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In a brave gesture sure to evoke the ire of Beijing’s octogenarian autocrats, the Nobel Prize for Peace has been awarded to the Chinese literary critic and essayist Liu Xiaobo. Liu has been in prison in China since 2008, charged and convicted of “subversion against the state” on account of his stirring advocacy of democracy and human rights, best embodied in Charter ‘08. He has emerged as the de facto leader of the Chartist Movement in China. Read my discussion with Liu’s friend and fellow Chartist Sha Yexin, in which we discuss Liu’s plight, here.
More from Scott Horton:
No Comment — April 12, 2013, 11:11 am
A new report from Seton Hall University exposes government surveillance of attorney-client conversations
Rashid Khalidi on how the United States sustains the failure of the Israel-Palestine peace process
Alex Gibney on his documentary investigating the Roman Catholic Church’s handling of child sex-abuse cases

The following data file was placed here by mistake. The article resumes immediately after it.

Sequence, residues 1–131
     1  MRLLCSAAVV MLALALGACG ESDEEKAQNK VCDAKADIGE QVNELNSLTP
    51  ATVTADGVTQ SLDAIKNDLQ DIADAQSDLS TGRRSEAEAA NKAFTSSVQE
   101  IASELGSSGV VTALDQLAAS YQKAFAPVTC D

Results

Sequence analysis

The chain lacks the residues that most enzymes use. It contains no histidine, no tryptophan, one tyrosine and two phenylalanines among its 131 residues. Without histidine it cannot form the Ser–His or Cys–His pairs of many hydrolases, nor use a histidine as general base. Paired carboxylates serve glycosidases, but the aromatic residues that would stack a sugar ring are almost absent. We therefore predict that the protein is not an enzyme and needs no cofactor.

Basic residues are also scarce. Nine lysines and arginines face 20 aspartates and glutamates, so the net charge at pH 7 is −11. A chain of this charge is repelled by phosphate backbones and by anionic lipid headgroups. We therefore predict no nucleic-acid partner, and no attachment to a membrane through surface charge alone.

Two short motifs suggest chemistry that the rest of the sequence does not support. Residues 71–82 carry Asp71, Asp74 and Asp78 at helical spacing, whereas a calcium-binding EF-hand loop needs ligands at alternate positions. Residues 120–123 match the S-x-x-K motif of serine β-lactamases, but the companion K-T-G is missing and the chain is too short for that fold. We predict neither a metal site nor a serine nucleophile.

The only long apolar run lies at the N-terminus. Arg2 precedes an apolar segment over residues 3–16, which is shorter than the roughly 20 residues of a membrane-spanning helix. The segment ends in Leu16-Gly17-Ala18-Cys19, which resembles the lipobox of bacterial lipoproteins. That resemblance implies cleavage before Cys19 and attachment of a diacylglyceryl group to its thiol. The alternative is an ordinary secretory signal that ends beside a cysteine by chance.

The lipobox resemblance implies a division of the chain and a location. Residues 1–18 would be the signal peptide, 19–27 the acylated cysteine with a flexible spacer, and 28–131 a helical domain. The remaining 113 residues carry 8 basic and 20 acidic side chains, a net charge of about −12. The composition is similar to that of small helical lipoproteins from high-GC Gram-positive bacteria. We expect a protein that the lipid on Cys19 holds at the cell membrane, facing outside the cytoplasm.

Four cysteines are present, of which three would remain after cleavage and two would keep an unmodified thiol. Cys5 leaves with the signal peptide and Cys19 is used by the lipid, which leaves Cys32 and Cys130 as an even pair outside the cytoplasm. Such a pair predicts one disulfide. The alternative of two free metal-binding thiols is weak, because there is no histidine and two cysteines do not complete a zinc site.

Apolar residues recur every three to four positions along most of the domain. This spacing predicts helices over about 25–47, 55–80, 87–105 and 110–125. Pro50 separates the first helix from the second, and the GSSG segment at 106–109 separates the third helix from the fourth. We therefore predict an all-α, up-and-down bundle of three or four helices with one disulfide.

Lucas Mann on hope and change in a minor-league-baseball city
Minimum number of baboons forced to smoke crack in a 1989 study testing the efficacy of cigarettes as a drug delivery device:
A reduction in distrust toward atheists was documented among pious Canadians who are reminded of the Vancouver police.
A Missouri cinema apologized for hiring an actor dressed in body armor and carrying a fake rifle to appear at a screening of Iron Man 3.
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Winner of the 2012 Olivier Rebbot Award for best photographic reporting from abroad in magazines or books